• For companies located In the United States, Boostlingo data is stored in data facilities in Northern California, and in northeastern Oregon.
  • In Canada Boostlingo data is presently housed in Montreal.
  • In Europe, Boostlingo data is maintained in Frankfurt Germany.
  • In the UK Boostlingo data is housed in London.
  • In the Australia and in the Asia Pacific region Boostlingo data is located in Sydney Australia.

To learn more, request a free trial and see how Boostlingo can be your perfect interpreting technology solution.

From White House news briefings to the Super Bowl LV, American Sign Language (ASL) interpreters are enjoying the spotlight. Yet what you may not know is that deaf people who serve as ASL interpreters belong to their own category. Deaf interpreters such as Marla Berkowitz not only bridge the gap between ASL and English, but experience the challenges of being deaf in a hearing-centric world.


Here’s a look at the unique role deaf interpreters play and how they work with their hearing counterparts to create a more accessible society.


What is a Certified Deaf Interpreter?


Deaf interpreters (DI) are deaf individuals who have been trained to interpret between ASL and English. They must have excellent communication skills in both languages and may have had specialized training in the use of gestures, mime, and language development. They also have a deep understanding of deafness, the deaf community, and deaf culture.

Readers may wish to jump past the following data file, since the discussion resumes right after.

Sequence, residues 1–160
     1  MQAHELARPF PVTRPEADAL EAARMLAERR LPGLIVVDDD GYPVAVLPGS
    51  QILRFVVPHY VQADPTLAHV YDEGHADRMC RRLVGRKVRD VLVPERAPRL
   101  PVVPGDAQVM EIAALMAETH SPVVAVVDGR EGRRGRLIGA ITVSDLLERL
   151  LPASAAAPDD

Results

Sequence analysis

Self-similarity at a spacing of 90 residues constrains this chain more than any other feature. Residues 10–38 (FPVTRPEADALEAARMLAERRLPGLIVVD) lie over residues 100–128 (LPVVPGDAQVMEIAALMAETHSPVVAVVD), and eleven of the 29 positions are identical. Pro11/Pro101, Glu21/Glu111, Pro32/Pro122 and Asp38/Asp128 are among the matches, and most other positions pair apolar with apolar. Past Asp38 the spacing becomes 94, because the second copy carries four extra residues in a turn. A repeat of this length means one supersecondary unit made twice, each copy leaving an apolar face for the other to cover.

Like their hearing counterparts, deaf interpreters can become certified. The Registry of Interpreters for the Deaf (RID) offers deaf individuals the ability to demonstrate their skills through written and performance tests. Those who pass are known as Certified Deaf Interpreters.


What Is a Deaf/Hearing Interpreting Team?


Deaf interpreters often work in deaf/hearing interpreting teams. They use a consecutive interpreting process where the hearing interpreter conveys the message to the deaf interpreter. Then the deaf interpreter interprets for the deaf individual.


These teams not only help ensure accuracy, but can make a deaf individual feel more comfortable during the process. However, like all ASL interpreters, deaf interpreters must remain neutral and are not advocates for either party.


When Should You Use a Deaf/Hearing Interpreting Team?


Deaf/Hearing interpreting teams typically work in legal situations due to the need for a high degree of accuracy. They’re also useful when you’re working with:


  • Deaf youth.
  • A developmentally disabled person.